The Hope Golf and Country Club was hit with three incidents of vandalism in two weeks.
Broken windows and stolen merchandise caused a headache for owner-operator Bonnie Cianfagna. She guessed it must be the work of teens who came back repeatedly to raid alcohol and snacks from the venue.
District council decided there would be a non-binding referendum on Station House, with residents given two opportunities to vote sometime in November.
Close to 4,000 people poured into Hope for Brigade Days despite the cold and rain Saturday.
The weekend was packed with carnival rides, Endurocross and Jump Your Junk sporting events, a Wallace Street parade and concerts.
A fire at the corner of Fraser Avenue and Wallace Street Sept. 17 left three households and two businesses without a roof over their heads.
From 4:30 to 10 p.m., 20 firefighters fought the fire and prevented it from spreading to adjacent buildings.
Resident Nelson Marciano said he may have lost difficult-to-replace immigration documents, possibly delaying the Filipino man’s attempts to bring his family to Canada.
“Now I’ve lost everything, I’m back to zero,” he said.
“I don’t know where to start now. That’s the only thing important to me. The materials, the stuff, the appliances – I can buy them.”
The owners of Hope Outdoors and Jungle Juice lost most of their inventory and furnishings.
“We watched our dreams go up in flames,” said Naydeen Spencer, who said Jungle Juice was her first business.
Census data revealed Hope and area residents made less than their Fraser Valley neighbours by 15.3 percent, with Hope’s median income at $26,471 compared to the Fraser Valley Regional District’s median income of $30,526.
The numbers also revealed women made over $10,000 less per year in Hope than men, when comparing the male median income of $33,024 to women’s at $22,131.
Former Spuzzum band manager Sandra Andrew was sentenced for stealing $140,000 from the Spuzzum First Nation.
In his judgment, Supreme Court Justice Neill Brown said Andrew’s acts traumatized the community and “frayed” the ties binding the community.
Andrew was ordered to repay $43,000 and given a 15-month conditional sentence and 36 months’ probation.
When community members realized nothing was officially organized for Orange Shirt Day, members of the Chawathil, Shxw’owhamel and Yale First Nations and the Read Right Society made an impromptu gathering of their own.
Sept. 30 was the day six-year-old Phyllis Jack Webstad had her shiny orange shirt taken away from her on her first day of residential school. Her story inspired the Orange Shirt Day movement.
First Blood turned 35 in Hope with fanfare including a costume contest, walking tour, special screening and rumours of a possible reboot of the famed film franchise.
Canyon residents said they would face isolation if Greyhound went ahead with the proposed elimination of 10 stops on its Prince George route, including Hope, North Bend, Boston Bar, Spuzzum, Yale and Laidlaw.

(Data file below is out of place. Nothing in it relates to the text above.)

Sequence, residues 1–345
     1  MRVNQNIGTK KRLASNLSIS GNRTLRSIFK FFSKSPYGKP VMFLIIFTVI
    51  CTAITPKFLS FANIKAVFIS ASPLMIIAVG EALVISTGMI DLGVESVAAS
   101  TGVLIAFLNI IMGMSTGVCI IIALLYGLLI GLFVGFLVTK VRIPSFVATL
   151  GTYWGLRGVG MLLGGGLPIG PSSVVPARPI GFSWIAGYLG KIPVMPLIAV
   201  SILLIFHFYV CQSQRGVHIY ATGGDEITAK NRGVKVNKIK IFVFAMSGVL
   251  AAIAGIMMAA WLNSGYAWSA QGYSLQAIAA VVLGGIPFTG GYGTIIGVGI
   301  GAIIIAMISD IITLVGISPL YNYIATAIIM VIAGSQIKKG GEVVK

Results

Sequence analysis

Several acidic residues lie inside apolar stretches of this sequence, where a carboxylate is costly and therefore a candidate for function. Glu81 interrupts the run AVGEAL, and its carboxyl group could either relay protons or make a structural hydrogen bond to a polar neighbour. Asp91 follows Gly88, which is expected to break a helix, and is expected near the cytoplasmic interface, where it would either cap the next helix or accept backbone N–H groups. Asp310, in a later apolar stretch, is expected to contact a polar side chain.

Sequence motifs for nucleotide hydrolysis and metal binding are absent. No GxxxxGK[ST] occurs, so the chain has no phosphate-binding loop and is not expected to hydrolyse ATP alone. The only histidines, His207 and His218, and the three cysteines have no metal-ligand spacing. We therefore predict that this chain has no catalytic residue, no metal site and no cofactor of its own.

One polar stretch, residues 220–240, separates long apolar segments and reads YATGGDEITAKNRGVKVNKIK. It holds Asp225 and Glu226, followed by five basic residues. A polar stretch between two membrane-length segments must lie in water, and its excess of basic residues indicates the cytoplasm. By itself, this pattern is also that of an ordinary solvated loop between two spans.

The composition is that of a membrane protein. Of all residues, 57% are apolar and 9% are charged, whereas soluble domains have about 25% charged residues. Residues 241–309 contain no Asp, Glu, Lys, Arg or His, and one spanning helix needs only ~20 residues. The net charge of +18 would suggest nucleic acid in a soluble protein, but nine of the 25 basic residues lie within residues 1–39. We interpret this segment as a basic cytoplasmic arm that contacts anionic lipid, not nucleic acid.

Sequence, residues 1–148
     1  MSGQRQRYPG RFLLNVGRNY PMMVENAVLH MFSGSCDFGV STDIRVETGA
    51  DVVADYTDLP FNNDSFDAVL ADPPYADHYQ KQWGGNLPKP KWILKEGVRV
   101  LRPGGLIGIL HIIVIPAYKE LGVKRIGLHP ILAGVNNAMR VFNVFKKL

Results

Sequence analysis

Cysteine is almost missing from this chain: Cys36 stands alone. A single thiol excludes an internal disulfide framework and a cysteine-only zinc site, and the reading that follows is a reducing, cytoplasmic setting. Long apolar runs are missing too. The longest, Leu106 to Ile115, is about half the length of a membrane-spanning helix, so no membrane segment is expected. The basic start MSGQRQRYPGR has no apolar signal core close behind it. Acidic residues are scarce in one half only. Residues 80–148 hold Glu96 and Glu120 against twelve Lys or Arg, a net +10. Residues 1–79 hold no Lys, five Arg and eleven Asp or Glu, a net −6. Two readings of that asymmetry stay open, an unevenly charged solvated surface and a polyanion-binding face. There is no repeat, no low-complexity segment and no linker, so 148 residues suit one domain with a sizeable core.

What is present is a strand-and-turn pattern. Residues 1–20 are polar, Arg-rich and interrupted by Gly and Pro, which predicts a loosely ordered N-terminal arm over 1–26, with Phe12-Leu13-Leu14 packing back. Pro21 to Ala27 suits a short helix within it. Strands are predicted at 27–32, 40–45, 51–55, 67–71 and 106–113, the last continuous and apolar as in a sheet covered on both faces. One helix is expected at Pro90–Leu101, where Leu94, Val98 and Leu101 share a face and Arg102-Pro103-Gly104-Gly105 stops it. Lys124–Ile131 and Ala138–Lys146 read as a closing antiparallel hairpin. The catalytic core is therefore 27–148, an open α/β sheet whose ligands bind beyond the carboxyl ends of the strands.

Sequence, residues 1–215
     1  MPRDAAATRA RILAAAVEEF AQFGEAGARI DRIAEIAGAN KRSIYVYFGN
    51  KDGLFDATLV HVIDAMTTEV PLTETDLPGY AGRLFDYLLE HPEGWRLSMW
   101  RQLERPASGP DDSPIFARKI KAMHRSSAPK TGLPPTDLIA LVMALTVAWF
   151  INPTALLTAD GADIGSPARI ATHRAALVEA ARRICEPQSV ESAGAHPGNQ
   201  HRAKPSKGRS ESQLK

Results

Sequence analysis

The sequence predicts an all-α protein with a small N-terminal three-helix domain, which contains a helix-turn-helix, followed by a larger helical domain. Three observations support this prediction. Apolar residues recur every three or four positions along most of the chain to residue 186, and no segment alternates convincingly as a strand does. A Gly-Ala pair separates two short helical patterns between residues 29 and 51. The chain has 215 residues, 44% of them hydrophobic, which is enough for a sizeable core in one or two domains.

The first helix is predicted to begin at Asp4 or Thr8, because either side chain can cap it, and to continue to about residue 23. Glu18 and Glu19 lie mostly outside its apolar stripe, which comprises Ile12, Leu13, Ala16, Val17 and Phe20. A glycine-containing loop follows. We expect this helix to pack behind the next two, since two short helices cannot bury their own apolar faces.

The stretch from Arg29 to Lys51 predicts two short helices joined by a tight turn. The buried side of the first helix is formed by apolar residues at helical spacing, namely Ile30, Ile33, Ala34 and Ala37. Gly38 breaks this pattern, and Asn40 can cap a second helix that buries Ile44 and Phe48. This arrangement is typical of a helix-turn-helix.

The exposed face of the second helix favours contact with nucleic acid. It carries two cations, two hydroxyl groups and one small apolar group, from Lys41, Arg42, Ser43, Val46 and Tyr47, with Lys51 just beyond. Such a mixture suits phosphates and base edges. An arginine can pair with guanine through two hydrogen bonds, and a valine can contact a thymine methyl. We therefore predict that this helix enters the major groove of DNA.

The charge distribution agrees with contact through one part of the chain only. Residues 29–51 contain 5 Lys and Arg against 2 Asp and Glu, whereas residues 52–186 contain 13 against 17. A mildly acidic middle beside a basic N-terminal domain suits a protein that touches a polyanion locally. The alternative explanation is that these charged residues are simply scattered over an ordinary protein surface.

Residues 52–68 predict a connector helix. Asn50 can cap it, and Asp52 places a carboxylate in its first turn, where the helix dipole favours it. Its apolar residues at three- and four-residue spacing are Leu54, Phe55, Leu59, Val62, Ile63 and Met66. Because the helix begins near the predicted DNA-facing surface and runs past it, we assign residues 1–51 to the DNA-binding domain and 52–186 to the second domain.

Boston Bar resident Karen Tillotson said many people use the Greyhound’s courier service for prescriptions and other orders.
Hope firefighters performed first aid on pets rescued from a Nov. 9 Park Street fire.
Pet oxygen masks donated by the Fraternal Order of Eagles were used by firefighters for the first time, to revive two cats and a dog trapped in the residence.
“There’s a desperate shortage of caregivers in the community,” said Colleen Johnson, a recruitment worker for foster families in Hope and Agassiz.
With 10 regular families opening their homes to foster children and some families retiring from providing this care due to their age, the need in Hope was great.
A body of water formed on Laidlaw Road from heavy and persistent rains the last week of November, which also caused a mudslide to shut down the Trans-Canada Highway.
“I got up and looked out and it looked like we were sitting in the middle of a lake,” resident Patricia Marlatt said of the scene that greeted her at 3 a.m. Nov. 23.
Hope real estate prices continued to rise. The average price of a home sold in November was $355,000, up 10.9 percent from $320,000 just a year ago.
All SD 78 school buildings will soon get automatic external defibrilators (AEDs).
When he introduced the motion that passed Dec. 12., trustee Tom Hendrickson spoke of the tragic loss of an eight-year-old Ottawa boy from cardiac arrest. His school did not have an AED.
Yale First Nation Chief Ken Hansen said his community encompassing 16 distinct reserves and headquartered in Hope is experiencing a “re-invigoration of our people, and end to the corruption and the way things were run before.”
Yale is running a food bank program and focusing on on-reserve housing, as well as fighting corruption and encouraging people to participate in band politics.
Handsome the mastiff’s story stole the hearts of many B.C. residents. Handsome was rescued from a property in Hope where the emaciated seven-year-old dog was tied up in the snow.
Soon after, Langley man Kyle Chester donated $4,200 to completely cover the dog’s vet bills.